So I just got back from Chicago. The ever changing, vibrant city of cultural affluence. The art, the theater, the bustle of a lively place full of diversity; the rich, the poor, the color, the movement; all condensed into one epicenter.

And the reason I went offers sort of a testament to the theme of the city itself.

I went to the ALA conference.


Now, for those of you who read this and are not sure what the ALA conference (ALAAC) is, then let me take a moment here to inform.

ALAAC is otherwise known as the American Library Association Annual Conference and it offers another sort of epicenter. A place of learning, sharing and connecting for Librarians, Bloggers, Writers and Illustrators, Artists, Publishers and Editors, and literary experts. It is a massive conglomeration of people whose sole purpose is a life devoted in one way or another to their specific craft: books.

I know what you may be thinking. It’s a room full of geeks and nerds.

Well…yes…and thank you for the compliment.

See the thing is, we Librarians like to stick together. It stands without saying that the world is a complicated place with a lot going on. But books offer solace of sorts to the masses. Books are the place that people often go to find meaning or to escape or become informed, or just to find out that they are not alone.

And libraries have books. Lots of them.

And in those libraries are people, who protect those books and protect access to them.

That is us. We are the keepers of this knowledge.

Librarians have known this for a very long time. And from time to time we like to find each other in a common space to share our experiences, to get encouragement and inspiration from each other, and to see each other again and affirm that we are still alive and kicking. It’s something that we do quite regularly (on a yearly basis…okay…maybe twice a year……..okay who are we kidding ALL THE TIME).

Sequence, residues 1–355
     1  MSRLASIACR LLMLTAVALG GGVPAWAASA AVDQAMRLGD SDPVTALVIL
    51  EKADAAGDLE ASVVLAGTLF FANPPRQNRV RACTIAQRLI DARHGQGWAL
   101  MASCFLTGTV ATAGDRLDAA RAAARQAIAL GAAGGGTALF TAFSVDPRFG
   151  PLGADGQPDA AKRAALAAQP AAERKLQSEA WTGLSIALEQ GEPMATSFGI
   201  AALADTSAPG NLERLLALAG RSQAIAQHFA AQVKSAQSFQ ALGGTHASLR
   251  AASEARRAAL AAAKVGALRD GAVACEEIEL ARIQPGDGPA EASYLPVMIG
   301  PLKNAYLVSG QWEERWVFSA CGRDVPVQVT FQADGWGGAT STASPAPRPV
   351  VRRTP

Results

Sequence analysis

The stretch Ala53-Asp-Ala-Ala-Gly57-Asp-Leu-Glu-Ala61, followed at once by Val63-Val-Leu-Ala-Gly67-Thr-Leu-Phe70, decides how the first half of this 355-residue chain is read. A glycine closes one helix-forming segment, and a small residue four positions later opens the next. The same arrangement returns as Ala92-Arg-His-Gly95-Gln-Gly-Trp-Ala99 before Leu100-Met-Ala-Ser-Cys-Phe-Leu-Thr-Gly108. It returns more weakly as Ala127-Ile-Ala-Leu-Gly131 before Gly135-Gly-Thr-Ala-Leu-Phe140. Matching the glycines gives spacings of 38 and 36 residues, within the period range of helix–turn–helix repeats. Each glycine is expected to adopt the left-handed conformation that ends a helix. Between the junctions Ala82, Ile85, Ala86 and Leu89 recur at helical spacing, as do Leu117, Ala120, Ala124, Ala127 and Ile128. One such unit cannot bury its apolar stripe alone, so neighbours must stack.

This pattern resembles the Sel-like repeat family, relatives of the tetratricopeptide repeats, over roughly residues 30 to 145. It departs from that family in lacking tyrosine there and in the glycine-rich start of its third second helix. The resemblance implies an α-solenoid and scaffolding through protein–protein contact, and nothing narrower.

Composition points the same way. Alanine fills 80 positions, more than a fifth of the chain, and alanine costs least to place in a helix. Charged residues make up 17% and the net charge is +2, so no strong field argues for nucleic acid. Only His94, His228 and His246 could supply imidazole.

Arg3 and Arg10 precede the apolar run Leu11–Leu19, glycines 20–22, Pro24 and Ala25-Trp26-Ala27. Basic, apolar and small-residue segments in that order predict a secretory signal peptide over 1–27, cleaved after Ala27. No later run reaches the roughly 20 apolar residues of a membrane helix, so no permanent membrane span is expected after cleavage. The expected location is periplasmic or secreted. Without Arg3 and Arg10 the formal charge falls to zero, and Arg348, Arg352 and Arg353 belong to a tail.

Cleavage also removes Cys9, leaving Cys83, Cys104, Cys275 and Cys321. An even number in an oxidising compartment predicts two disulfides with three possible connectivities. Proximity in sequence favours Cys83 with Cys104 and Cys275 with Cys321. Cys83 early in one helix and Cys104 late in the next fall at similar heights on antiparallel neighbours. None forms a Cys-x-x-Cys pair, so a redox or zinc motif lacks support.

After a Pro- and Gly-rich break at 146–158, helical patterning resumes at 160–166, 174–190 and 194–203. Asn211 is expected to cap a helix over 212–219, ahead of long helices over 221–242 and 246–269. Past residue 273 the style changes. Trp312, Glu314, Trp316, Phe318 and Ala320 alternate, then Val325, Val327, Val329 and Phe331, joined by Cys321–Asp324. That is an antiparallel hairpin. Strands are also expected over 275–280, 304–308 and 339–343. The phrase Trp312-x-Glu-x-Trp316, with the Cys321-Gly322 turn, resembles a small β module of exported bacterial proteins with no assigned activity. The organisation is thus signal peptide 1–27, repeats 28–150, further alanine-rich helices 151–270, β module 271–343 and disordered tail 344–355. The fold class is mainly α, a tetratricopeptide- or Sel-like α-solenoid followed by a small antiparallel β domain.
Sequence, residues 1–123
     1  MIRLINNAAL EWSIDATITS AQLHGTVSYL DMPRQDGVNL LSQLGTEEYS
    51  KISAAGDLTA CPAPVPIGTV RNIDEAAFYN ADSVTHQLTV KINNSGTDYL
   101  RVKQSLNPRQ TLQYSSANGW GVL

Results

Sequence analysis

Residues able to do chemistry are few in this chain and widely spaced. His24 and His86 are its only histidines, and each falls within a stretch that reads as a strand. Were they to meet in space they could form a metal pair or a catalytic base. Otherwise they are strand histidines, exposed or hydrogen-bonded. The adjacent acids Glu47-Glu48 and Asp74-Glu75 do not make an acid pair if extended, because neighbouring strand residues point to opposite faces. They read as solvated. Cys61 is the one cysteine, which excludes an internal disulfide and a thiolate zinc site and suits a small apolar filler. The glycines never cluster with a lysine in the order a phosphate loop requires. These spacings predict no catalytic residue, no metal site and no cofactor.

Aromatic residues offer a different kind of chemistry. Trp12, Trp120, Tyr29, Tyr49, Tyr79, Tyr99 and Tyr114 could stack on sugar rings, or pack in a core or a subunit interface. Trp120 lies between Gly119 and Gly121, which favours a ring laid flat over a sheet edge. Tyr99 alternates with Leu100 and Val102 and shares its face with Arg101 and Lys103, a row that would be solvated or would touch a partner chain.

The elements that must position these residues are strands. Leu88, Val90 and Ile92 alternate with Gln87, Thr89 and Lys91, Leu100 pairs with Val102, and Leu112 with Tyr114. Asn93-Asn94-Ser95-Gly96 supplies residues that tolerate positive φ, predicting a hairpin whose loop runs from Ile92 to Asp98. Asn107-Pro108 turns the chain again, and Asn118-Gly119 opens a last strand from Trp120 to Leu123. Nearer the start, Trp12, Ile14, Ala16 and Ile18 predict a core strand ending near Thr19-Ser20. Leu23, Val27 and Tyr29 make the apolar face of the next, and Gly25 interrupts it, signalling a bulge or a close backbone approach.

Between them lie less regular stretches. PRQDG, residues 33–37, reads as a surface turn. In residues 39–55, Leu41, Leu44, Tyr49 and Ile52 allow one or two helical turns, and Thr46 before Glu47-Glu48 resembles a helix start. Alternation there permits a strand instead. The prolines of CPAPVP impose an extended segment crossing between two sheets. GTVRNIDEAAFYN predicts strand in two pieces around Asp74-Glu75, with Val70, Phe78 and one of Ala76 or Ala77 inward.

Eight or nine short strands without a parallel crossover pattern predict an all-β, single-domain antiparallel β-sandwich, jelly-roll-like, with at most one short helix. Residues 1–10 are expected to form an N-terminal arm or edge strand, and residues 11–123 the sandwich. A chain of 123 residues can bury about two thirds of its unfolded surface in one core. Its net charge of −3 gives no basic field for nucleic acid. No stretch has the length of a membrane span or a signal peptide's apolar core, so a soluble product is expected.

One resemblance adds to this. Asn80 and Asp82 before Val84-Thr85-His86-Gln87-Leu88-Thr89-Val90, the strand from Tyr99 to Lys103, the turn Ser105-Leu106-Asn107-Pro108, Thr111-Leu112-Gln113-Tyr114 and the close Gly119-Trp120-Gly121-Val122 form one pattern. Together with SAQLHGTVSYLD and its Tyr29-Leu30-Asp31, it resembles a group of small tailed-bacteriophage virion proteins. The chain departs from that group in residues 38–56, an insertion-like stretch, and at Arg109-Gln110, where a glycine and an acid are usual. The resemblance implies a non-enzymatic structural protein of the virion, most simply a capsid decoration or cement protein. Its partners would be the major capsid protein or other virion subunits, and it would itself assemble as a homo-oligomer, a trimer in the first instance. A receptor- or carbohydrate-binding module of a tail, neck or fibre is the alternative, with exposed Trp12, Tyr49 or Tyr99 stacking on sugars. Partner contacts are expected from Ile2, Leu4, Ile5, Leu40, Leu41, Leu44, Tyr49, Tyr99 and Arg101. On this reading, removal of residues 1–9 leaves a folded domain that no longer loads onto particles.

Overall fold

But I got a funny feeling about ALAAC 2017. And my funny feeling may just be mine and no-one else’s. But my funny feeling is that this one was special. Because this one comes after a major turn of events in our social and political experience of America. It comes after the most recent election of the President and it comes at a time when people are ever-more aware of their need for empowerment and knowledge and acceptance.

I told myself that my blog would not a be a political one. I told myself that I would offer it as a place to share and gain information to literature and resources to help any others that might be interested. But it’s almost impossible to remain un-politicized.

My job is politicized.

In a place where the nerdiest and geekiest meet; in the rooms where the Librarians of America and the world come together; in a place where access to free, advanced readers from the new and upcoming authors is at its prime; there was a theme. Perhaps this theme was always there. In fact I’m absolutely sure that it was always an undercurrent of all things library related, but this time it was THE THEME.

It was a push for the right for access to information and knowledge by all people, across the board. It was a push for libraries to continue as fundamental instruments for connecting people with resources and with communities. It was a push for the education of the young, an invitation to the non-traditional library customers to “come on in,” and a fight for the broad sweeping access to literature by those who are least likely to gain access to it.

The theme was one of unrestrained and unbounded inclusivity.


Now each person who went to the ALA conference this year has their own experience of it. I believe that (and yes, I’m estimating based on memory so if someone can offer the statistics, by all means do so), the former ALA president Dr. Julie Todaro, said that the conference had approximately 1,500 presentations with additional meetings adding up to 2,500. That didn’t include the exhibitors. So, obviously, my experience of this was different to any other conference-goer at any given time.

However, the sentiment was clear. From opening speakers, Chicago Mayor Raheem Emmanuel, and CEO of tech organization Girls Who Code Reshama Saujani, through to closing speaker Hilary Clinton, the role of libraries and Librarians in encouraging inclusivity was at the forefront of everybody’s consciousness. It was Emmanuel who stated that “This is not the time to be cutting back on funding for our public institutions like our libraries.” But this sentiment was carried by Saujani who said that she “…believes that you (librarians) are our nations most important public servants.”